The LCMD group members also work on collaborative projects with our experimental colleagues. Those collaborations make use of the formalisms developed in LCMD. Check how does dDsC perform on real-world applications involving pi-conjugated assemblies, chemosensors and weakly-bound dimers of metallocenes:
Four-electron oxygen reduction by an assembly of Tetrathiafulvalene
Fluorescence sensing of caffeine in water with polysulfonated pyrenes
On this basis, the group of Prof. Kay Severin devised a stick to find out if your coffee is really decaffeinated:
Biphasic water splitting by Osmocene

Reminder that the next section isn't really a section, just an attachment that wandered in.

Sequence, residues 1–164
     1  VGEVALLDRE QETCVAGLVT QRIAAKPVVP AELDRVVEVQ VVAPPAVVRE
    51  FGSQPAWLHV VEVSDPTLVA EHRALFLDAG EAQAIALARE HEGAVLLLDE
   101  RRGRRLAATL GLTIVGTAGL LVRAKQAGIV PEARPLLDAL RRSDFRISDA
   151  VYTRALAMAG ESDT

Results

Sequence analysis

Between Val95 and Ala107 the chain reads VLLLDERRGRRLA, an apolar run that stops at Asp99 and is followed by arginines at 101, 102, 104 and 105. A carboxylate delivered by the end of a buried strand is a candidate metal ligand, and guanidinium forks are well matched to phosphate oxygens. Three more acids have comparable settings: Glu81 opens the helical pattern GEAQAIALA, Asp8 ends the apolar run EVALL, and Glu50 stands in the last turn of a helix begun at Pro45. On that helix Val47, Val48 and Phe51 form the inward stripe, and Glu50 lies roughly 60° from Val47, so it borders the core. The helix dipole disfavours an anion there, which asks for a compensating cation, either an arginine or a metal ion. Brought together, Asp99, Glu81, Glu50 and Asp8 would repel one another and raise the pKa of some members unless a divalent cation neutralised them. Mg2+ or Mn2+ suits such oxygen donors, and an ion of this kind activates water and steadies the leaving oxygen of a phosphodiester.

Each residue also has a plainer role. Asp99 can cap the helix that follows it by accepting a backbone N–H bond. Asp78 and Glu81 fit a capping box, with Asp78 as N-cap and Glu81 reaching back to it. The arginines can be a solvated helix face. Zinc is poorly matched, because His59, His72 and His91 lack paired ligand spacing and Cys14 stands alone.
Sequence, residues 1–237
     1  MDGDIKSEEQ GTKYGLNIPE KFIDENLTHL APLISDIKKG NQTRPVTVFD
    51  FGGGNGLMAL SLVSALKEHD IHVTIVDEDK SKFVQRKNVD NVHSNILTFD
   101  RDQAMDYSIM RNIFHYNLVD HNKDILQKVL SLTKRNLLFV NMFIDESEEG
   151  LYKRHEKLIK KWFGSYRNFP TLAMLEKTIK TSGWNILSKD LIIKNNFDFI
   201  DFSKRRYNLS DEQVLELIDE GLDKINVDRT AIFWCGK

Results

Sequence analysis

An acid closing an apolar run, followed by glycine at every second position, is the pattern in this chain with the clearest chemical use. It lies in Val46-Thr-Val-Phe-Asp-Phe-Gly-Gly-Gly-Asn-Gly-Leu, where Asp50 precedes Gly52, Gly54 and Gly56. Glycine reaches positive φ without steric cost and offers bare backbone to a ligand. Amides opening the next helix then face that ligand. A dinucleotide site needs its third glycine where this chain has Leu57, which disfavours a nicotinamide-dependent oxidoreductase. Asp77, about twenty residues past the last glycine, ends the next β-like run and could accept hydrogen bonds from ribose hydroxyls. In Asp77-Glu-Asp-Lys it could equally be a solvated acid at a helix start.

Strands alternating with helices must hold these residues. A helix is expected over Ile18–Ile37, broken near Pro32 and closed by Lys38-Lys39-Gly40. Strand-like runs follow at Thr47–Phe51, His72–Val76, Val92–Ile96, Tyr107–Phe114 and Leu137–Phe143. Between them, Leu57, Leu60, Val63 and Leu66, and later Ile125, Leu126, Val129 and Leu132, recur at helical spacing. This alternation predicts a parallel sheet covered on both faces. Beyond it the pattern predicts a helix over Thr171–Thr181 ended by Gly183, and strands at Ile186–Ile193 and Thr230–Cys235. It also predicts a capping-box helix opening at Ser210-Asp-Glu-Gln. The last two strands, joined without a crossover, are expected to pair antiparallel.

Detailed electrochemical, spectroscopic and computational studies indicate that osmocene can liberate an electron to produce H2 from protons. The oxidized osmocene forms a weakly bound dimer that reacts to split water forming an osmium hydride and an osmium hydroxide. Photolysis of the Os(iv) hydroxide species leads to an osmium peroxy species that further reacts to liberate O2. The study of LEPA and LCMD suggests novel catalytic mechanisms relying on bimetallic dimers for the photocatalytic splitting of water. Check PNAS, 2012, 29, 11558.